WASHINGTON - U.S. consumer prices edged up slightly in September, with the overall increase held back by a third straight monthly decline in gasoline prices. The tiny gain was the latest evidence that inflation remains benign.
Consumer prices rose 0.1 percent after having falling 0.2 percent in August, the Labor Department reported Wednesday. Core prices, which exclude volatile food and energy, also rose 0.1 percent after no gain in August.
Over the past 12 months, both overall and core prices are up 1.7 percent. The increases are well below the 2 percent target for inflation set by the Federal Reserve. The modest inflationary pressures have allowed the central bank to keep interest rates at record lows to boost the economy.
While low inflation has given the Fed leeway to keep interest rates low, it represents a hardship for savers. It also means millions of Americans who receive Social Security benefits get lower cost of living adjustments. The government announced Wednesday that based on inflation over the past year, benefits will increase 1.7 percent in January, the fifth time in the past six years that the benefit increase has been under 2 percent.
Food costs rose 0.3 percent in September and are up 3 percent over the past 12 months, exacerbated by drought conditions in parts of the country. Beef and veal prices jumped 2 percent in September and are up 16.7 percent since January.
Energy prices fell 0.7 percent, the third consecutive monthly drop. The index includes a third decline in gasoline prices, which fell 1 percent in September and are down 3.6 percent from a year earlier.
A plunge in global oil prices in recent weeks is expected to keep downward pressure on energy prices. Oil is trading below $85 per barrel now, down about 27 percent from its high point this year, giving people a big break at the pump. The AAA says that the nationwide average for gas is now $3.09, down 25 cents in just the past month.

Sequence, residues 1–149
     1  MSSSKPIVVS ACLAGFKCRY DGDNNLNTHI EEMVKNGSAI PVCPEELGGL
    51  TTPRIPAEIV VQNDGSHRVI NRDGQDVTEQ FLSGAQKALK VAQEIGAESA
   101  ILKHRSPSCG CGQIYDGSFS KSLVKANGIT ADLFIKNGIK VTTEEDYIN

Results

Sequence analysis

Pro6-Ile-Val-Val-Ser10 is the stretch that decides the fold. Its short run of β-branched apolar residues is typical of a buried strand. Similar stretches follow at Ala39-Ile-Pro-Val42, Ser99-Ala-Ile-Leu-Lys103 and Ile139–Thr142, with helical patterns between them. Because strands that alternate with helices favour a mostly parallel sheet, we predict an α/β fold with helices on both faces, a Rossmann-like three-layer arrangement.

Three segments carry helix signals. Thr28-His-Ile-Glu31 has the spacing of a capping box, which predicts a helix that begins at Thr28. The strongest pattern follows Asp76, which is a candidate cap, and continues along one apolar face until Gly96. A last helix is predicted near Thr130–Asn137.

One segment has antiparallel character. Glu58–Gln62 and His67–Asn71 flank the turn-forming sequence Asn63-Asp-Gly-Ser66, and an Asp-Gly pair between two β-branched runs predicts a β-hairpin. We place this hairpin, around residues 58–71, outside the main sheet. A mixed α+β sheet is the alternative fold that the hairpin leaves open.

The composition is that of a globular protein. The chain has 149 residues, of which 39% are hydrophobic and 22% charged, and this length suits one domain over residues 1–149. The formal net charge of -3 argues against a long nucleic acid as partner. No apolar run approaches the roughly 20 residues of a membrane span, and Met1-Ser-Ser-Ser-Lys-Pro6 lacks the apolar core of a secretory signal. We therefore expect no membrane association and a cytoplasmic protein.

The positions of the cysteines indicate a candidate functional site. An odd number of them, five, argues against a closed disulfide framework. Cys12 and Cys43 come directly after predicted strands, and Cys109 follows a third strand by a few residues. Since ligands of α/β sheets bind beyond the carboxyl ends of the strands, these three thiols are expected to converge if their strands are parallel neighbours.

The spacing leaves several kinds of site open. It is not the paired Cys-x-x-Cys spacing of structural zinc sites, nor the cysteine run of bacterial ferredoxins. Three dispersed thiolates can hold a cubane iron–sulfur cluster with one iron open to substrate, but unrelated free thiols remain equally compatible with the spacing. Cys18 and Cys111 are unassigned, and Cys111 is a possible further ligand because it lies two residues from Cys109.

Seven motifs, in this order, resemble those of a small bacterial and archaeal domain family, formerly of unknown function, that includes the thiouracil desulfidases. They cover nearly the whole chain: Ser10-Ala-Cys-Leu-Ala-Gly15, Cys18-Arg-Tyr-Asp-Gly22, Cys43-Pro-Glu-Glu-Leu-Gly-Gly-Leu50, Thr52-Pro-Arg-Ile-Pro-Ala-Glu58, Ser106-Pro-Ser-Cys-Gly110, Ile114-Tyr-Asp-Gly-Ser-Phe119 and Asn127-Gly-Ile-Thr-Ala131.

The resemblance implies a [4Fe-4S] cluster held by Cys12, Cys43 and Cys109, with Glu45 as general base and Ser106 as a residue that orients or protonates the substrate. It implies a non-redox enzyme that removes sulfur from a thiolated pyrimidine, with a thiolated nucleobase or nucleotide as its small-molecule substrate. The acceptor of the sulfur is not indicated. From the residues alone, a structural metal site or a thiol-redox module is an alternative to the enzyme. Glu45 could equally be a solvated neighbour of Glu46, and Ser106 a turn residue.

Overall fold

Falling energy prices were expected to be a major factor holding down overall price increases in September and coming months.
"The 0.1 percent rise in consumer prices in September was stronger than the consensus forecast of no change and would have been larger if it wasn't for a 1.1 percent fall in gasoline prices," said Paul Dales, senior U.S. economist Paul Dales of research firm Capital Economics , in a note to clients. "Gasoline will be an even bigger drag over the next two months, with a cumulative 8 percent fall on the cards. Moreover, the previous drop in commodity prices means that September's 0.3 percent rise in food prices probably won't be repeated."
The decline in energy prices is one of the reasons that economists are optimistic that consumer spending will show gains in coming months. If consumers are spending less filling up their tanks, they tend to spend more on other items.
The Fed seeks to promote maximum employment and stable prices. Price increases measured by the Fed's favorite inflation gauge have been running below 2 percent for two years.
With inflation low, the central bank has been able to keep a key interest rate at a record low near zero for nearly six years. The widespread expectation is that the Fed will not begin raising its benchmark rate until around June of next year.